Today is the anniversary of the Kinder Mass Trespass, a hugely important event in the history of land access in the UK. O to be on Kinder, trudging the groughs with a hundredweight of peaty mud attached to my boots, now that springtime’s here!
I never liked doing things systematically. Not even my Ph.D. research was done systematically. It was done in a random, haphazard fashion. The more I got on, the more I felt that, really, one can find something only in that way—in the same way in which, say, a dog runs through a field. If you look at a dog following the advice of his nose, he traverses a patch of land in a completely unplottable manner. And he invariably finds what he is looking for. I think that, as I’ve always had dogs, I’ve learned from them how to do this. So you then have a small amount of material and you accumulate things, and it grows, and one thing takes you to another, and you make something out of these haphazardly assembled materials. And, as they have been assembled in this random fashion, you have to strain your imagination in order to create a connection between the two things. If you look for things that are like the things that you have looked for before, then, obviously, they’ll connect up. But they’ll only connect up in an obvious sort of way, which actually isn’t, in terms of writing something new, very productive. You have to take heterogeneous materials in order to get your mind to do something that it hasn’t done before.
From an interview with Joe Cuomo first published in the New Yorker and reprinted here.
5am London is a newly completed walking project from Gemma Seltzer in collaboration with photographer Mathew Hanratty. To create 5am London, Gemma and Mathew explored locations across London between 5-6am once a month. On each expedition, they took photographs and constructed a semi-fictional blog to tell the story of a woman who received a text message from an unknown number which prompts her to find out what the capital is like at that time. The final 12 posts, representing one year, can be found on www.5amlondon.com. Gemma’s website is here, and you should also check out Speak to Strangers, a fabulous previous project whose final publication I reviewed for Flash magazine.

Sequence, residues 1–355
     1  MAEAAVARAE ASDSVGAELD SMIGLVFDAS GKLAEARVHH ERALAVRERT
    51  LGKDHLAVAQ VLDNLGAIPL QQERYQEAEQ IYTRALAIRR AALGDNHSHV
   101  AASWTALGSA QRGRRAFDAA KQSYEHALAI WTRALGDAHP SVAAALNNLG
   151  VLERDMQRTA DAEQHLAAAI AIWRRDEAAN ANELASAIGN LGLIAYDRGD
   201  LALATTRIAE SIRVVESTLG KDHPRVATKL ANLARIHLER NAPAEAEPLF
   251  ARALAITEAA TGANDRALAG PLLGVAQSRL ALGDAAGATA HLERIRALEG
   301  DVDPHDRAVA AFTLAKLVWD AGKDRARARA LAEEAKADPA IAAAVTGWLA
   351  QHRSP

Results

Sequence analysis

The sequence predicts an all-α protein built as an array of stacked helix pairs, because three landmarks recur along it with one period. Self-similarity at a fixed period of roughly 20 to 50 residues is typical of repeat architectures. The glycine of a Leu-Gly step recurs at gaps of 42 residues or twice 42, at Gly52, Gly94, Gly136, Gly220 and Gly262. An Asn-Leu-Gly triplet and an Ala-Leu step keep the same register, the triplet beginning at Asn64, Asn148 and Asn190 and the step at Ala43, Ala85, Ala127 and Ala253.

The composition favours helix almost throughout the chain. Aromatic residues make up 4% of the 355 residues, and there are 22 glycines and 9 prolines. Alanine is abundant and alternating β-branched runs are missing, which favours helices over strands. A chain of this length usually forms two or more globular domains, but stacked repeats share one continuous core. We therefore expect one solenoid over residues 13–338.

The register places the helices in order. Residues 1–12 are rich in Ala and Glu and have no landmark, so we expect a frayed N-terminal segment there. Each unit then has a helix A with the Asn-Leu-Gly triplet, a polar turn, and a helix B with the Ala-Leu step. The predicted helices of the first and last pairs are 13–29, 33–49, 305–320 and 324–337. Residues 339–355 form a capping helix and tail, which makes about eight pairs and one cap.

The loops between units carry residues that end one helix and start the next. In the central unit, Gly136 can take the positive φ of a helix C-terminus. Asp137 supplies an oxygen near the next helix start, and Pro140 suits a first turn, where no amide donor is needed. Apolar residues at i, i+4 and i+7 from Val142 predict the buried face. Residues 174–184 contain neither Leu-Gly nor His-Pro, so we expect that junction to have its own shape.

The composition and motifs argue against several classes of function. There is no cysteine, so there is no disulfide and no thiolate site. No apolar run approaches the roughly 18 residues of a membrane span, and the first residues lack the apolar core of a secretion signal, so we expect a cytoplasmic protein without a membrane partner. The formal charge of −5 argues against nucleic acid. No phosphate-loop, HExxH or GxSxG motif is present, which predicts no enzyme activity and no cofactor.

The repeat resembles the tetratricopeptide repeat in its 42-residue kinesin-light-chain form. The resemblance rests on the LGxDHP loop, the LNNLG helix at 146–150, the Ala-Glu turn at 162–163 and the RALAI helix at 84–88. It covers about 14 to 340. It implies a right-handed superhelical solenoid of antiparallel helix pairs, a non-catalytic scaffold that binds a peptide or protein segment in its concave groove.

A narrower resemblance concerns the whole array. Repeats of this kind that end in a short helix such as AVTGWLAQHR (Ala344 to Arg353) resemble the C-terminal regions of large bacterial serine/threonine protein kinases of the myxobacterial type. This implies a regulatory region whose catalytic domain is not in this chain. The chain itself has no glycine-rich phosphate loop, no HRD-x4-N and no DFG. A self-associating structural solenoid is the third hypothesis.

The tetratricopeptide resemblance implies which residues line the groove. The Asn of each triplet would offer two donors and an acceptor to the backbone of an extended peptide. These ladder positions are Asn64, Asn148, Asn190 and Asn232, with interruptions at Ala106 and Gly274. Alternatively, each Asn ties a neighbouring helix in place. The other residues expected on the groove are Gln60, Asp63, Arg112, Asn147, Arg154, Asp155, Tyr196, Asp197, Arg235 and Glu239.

***I’m afraid the film and walk event at the Wordsworth Trust this Saturday has had to be cancelled. I’m hoping to arrange a new event to showcase the film in the near future.***
Join me this Sunday 21 April at Dove Cottage for the premiere of the documentary film I’ve made with Alan Fentiman, followed by a reading and a walk. More details here. It would be lovely to see you.
Dogs have to be walked every day, whether it’s nice outside or not. Sometimes you feel grateful to have been forced out: being outdoors in the driving rain – or icy wind – is an experience worth having. But it does begin to pale after a while, and in the last few days I’ve been very glad to get out in the sunshine after a very long, cold winter in the UK. On Tuesday and Wednesday this week I was out filming with Alan Fentiman for our documentary on dog-walking and writing, and spent some time sitting in the sun, feeling pleasantly warm. It’s a miracle – though I did have on a scarf and cap (which I’ve taken to referring to, internally at least, as my Easter bunnet).
It’s another fine day today, so I’ll take the dogs on a good old tromp again, though probably without chucking a ball for them. Cap has a bad leg, and he doesn’t know not to run on it.